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While walking, unexpectedly, he told me, “Reji, do you know what is on the other side of this sea? It is Kollam, my home, my sweet home. Some days, I come here in the evening and sit. On the other side, there is my home. I have even thought of swimming across this sea to my home.” He continued, “My daughter, her child, my loving wife, my boy… my small home… it’s heaven.”
He exhibited a desperate longing to go home. He had left his home when his daughter was ten years old. She got married off in 2005. He couldn’t go to his hometown even for her wedding. He had tried. He had landed in India, too. But he was taken back, forcefully.
And now, meeting him in his hometown, Appunni tells me that he is not living in his home.
I finally asked, why. “Reji, I am an unwelcome guest in my own home. I stayed elsewhere for twenty-two years. It was not that I was absconding. I was earning whatever I could and remitting it home. They survived on my money. But when I came back with so much love and needing to be loved, they saw me as if I were an unwanted guest… so, I left.”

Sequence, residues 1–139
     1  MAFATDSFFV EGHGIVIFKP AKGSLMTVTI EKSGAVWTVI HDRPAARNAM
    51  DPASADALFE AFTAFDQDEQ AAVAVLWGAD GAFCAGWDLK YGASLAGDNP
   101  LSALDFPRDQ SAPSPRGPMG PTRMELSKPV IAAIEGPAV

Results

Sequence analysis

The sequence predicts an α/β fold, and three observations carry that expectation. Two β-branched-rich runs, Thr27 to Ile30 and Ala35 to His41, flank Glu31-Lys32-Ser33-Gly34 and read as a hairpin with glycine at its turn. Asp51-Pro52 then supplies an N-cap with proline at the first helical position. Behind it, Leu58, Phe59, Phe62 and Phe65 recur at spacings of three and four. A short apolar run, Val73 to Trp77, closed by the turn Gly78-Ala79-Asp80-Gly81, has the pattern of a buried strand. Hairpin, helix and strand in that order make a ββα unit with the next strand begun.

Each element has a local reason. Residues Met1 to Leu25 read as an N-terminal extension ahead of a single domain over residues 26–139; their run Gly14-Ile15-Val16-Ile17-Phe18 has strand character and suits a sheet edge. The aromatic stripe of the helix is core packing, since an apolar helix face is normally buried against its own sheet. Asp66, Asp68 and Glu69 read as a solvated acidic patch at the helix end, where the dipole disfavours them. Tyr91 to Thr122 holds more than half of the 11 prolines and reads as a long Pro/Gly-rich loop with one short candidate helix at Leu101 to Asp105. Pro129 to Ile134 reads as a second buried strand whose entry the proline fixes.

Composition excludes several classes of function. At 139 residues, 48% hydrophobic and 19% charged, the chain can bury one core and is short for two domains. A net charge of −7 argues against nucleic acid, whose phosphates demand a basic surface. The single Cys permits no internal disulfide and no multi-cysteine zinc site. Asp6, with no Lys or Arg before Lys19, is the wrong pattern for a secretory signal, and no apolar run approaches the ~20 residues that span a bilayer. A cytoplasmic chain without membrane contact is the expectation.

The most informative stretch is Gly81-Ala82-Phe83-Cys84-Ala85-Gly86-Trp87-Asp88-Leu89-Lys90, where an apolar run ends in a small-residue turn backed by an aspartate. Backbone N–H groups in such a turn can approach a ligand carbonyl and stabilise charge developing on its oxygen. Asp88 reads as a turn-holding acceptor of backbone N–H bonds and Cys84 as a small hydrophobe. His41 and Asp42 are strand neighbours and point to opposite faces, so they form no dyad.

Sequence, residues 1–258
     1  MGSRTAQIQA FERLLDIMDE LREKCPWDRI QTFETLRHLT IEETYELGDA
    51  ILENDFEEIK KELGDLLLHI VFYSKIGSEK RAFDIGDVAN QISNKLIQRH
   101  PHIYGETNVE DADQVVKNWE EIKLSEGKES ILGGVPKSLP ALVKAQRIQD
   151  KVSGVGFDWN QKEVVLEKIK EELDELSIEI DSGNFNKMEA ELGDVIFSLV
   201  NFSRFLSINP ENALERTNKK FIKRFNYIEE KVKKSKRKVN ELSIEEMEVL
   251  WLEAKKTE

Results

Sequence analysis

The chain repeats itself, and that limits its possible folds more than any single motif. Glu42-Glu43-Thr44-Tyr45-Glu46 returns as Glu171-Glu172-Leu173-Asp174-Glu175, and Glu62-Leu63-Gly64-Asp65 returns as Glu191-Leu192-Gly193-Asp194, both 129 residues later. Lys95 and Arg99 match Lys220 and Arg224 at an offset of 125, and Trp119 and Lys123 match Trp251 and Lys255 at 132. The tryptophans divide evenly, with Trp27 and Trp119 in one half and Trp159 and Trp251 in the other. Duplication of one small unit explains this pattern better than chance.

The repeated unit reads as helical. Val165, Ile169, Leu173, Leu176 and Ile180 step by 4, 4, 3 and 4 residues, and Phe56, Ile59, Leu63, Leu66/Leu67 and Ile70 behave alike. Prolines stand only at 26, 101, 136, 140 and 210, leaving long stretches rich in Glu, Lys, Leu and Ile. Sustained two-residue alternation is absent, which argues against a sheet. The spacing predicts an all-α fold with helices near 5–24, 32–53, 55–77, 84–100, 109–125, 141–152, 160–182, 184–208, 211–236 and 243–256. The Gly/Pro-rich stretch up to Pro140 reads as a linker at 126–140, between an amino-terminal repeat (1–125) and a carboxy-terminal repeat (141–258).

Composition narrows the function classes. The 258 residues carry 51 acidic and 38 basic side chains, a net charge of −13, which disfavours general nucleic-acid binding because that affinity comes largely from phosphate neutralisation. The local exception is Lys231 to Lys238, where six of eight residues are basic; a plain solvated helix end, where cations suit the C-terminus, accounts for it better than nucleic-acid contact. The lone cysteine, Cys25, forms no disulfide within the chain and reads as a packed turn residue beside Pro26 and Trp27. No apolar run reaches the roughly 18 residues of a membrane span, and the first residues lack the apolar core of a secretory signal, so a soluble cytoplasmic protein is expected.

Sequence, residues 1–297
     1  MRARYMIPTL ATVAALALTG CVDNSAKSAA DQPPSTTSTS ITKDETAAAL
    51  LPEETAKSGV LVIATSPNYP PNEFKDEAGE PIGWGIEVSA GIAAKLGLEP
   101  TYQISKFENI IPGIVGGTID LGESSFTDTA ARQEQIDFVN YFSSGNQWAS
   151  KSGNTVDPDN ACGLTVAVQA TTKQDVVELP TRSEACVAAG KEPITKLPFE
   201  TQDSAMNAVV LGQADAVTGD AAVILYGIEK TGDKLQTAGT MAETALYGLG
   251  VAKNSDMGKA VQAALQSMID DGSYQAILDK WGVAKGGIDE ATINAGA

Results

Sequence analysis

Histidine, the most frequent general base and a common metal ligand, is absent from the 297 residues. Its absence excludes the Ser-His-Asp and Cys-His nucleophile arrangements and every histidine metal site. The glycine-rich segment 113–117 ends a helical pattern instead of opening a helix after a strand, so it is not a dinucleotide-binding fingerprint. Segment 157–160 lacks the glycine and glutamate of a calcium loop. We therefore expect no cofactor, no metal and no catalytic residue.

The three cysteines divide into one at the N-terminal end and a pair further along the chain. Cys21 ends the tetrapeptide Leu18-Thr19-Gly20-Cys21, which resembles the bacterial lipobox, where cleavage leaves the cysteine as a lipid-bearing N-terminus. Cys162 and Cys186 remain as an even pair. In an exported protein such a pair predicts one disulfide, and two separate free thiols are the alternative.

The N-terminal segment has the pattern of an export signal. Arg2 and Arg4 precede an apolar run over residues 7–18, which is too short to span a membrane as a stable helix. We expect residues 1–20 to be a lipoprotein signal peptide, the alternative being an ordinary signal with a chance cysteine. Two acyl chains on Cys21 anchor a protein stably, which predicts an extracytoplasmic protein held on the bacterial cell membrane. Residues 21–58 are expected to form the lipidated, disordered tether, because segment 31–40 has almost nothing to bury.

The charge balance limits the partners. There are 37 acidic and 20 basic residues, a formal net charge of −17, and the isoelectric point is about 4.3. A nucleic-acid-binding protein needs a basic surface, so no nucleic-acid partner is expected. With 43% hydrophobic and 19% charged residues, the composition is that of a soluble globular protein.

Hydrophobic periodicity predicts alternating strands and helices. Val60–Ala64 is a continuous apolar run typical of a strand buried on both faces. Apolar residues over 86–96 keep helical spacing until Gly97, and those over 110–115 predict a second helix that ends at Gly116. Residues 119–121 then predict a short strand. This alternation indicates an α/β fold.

He paused, then said, “Reji, do you remember, I asked you for a visa after I returned… you probably thought that I just wanted to return to live in Oman? No, it was not that at all. I wanted to die in Oman so that I could prevent my family from facing an embarrassing situation… I am a shame for them, Reji.”
In Kerala, the first question anybody would ask a migrant worker who has come on leave would be “Eppo vannu… eppolaanu thirichu pokunnathu (When did you come… when are you going back?)”
If the answer had a date of return, then all would be happy. Even the near and dear ones. But if there was no date of return, then there would be long faces.
Even if a migrant worker said that he would go only after three months, it would raise eyebrows and prompt supplementary questions would follow, “All well there? Your job is safe? Will you be able to stay back till then without salary?”
However, what happened in Appunni’s case is different.
Appunni himself has the answer.
“Neighbours who had migrated to the Arab Gulf had built mansions and bought big cars. I couldn’t do anything. My house is the same. Some small renovations were done. That’s it. You know who can mint money in the Arab Gulf, right?” Appunni asked me.
Yes, in the Arab Gulf, a monthly wage earner will not earn much. However, those who do business, prosper. The kafala system helps businessmen to make a surplus profit by exploiting migrant workers.